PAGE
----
Earth Hour 2016

Earth-Hour-2016“As the world stands at a climate crossroads, it is powerful yet humbling to think that our actions today will decide what tomorrow will look like for generations to come.” Saturday 19th March at 08:30 pm local time is Earth Hour, a worldwide grassroots movement organised by WWF, which originally began as a lights-off event in Sydney, Australia in 2007. Since then this annual global celebration where people switch off their lights for one hour has become a symbolic display of how much we care for and want to protect the planet. Last year a record number of people from across 172 countries celebrated Earth Hour.

A recent article from WWF outlining climate events of 2015, makes it clear that Earth Hour this year is crucial to continued progress on climate change. Firstly changes in our climate continue to be worrying: 2015 became the official hottest year on record, winter sea ice in the Arctic reached a record low and the haze crisis brought about by illegal slash-and-burn methods to clear land for palm oil and paper production hit Southeast Asia. But there is also significant progress being made in policy that needs to be celebrated but also built upon: the “Well-being of Future Generations” bill passed by Wales, the 114 companies who committed to reduce emissions on the sidelines of COP21, the 1000 mayors who committed to 100% renewable energy and of course the Paris Climate Agreement. [Read more…]

What we’ve been reading this week

This week’s summary on the news stories, reports and blogs that have grabbed our attention. We welcome your thoughts and comments on these articles.

Foresight Africa, Brookings Africa Growth Initiative

Humanity needs science, not ideology, Huffington Post

The Food Index, Oxfam

Perilous retreat from global trade rules, China Daily

101 Organizations to Watch in 2014, Food Tank

First comprehensive test to detect genetic modification in food, American Chemical Society

Got milk? The impact of Heifer International’s livestock donation programs in Rwanda on nutritional outcomes, Science Direct

New discovery could stimulate plant growth and increase crop yields, researchers say, EurekAlert

Hidden soy on supermarket shelves masks assault on nature, WWF

Conservation Agriculture: Global Prospects and Challenges, Jat, R.A, Sahrawat, K. L. and Kassam, A.H.

Frankenpolitics: The Left’s defence of GMOs, EU Observer

The right kind of helping hand for small farmers, Thomson Reuters Foundation

What I learned from six months of GMO research: None of it matters, Grist

 

 

Mainstreaming natural capital into decision-making

ID-10033243On the 31st October 2013, Gretchen Daily, Professor of Environmental Science, Stanford Woods, presented her experiences and research on how we can harmonise agriculture and biodiversity conservation through quantifying the value of ecosystem services and developing policy and finance mechanisms that enable the integration of human needs and environmental protection.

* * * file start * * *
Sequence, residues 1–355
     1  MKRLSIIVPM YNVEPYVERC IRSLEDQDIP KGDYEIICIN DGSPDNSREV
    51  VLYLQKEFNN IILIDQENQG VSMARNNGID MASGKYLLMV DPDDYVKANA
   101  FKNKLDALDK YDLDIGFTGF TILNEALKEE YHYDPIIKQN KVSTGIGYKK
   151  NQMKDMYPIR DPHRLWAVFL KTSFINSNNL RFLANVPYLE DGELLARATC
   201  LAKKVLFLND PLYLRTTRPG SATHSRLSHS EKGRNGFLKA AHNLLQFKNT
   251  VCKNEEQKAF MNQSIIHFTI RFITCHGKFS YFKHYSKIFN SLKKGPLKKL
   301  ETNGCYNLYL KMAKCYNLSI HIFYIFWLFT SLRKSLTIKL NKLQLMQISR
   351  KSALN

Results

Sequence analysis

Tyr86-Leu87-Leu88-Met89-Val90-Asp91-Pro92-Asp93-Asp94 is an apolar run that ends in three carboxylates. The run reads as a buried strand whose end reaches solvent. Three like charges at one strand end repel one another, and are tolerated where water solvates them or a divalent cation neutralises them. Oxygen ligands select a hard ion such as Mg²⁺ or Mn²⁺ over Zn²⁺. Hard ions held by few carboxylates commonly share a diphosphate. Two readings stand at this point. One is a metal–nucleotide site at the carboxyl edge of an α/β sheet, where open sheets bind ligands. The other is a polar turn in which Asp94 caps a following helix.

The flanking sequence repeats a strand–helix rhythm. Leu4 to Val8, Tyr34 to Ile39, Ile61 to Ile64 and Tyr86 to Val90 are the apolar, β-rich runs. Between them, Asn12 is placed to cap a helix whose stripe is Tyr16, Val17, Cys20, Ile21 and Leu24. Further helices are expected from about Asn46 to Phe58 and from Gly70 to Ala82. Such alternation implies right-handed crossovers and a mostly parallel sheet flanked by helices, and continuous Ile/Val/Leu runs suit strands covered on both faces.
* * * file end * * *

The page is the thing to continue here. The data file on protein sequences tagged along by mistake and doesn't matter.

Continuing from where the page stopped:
Undertaking the Humanitas Visiting Professorship in Sustainability Studies, the seminar was the first in a series of talks by Prof. Daily at the University of Cambridge.

Prof Daily began by showing a picture of a tea plantation in Uganda surrounded by cloud forest. Her work encompasses the ways in which we can value the natural habitats surrounding human-modified landscapes so that they can become part of decision-making processes. Achieving global food security while protecting natural systems is crucial both for human well-being and to help us avoid the catastrophic changes in the Earth’s systems that are predicted.

In a small-scale study in Costa Rica, Prof. Daily and colleagues investigated the value of biodiversity-driven benefits for coffee production to illuminate how important biodiversity is for agriculture. Coffee is competing with petroleum for the biggest export from developing countries. The forests surrounding the small-scale coffee plantations the team investigated were found to harbour some 700 bee species, 150 bird species and 70 bat species. The pollination boost these species provided was valued at $60,000 per year, 10% of the annual income from one farm while the pest control services were worth some $10,000 per year. Pest control services were particularly important in controlling a rapidly spreading pest of coffee, the coffee berry borer, which can wipe out up to 75% of yield and to which there are no pesticide or other chemical interventions available yet. To date there has been no awareness of these dimensions of the value of surrounding biodiversity and more needs to be done to quantify them at a scale relevant to human activities. [Read more…]

Happy Earth Day

ID-10036673 (2)Today is the 43rd Earth Day. An annual event intended to promote awareness of environmental issues such as climate change.

Over 1 billion people in 192 countries are estimated to be taking part in events. You can follow some of these events on Twitter using the hastag #EarthDay. Here in London, for example, some of the city’s most iconic buildings from the London Eye and the Oxo Tower to Westminster Abbey and the Gherkin are all turning their lights off for WWF’s Earth hour (8:30-9:30pm GMT). You can watch Earth hour live or follow on Twitter #doitinthedark

While some of these events are short-term, aiming to highlight the effect overconsumption can have on earth’s resources and climate, Earth Day is also a good time to re-evaluate our lifestyles for the longer term. [Read more…]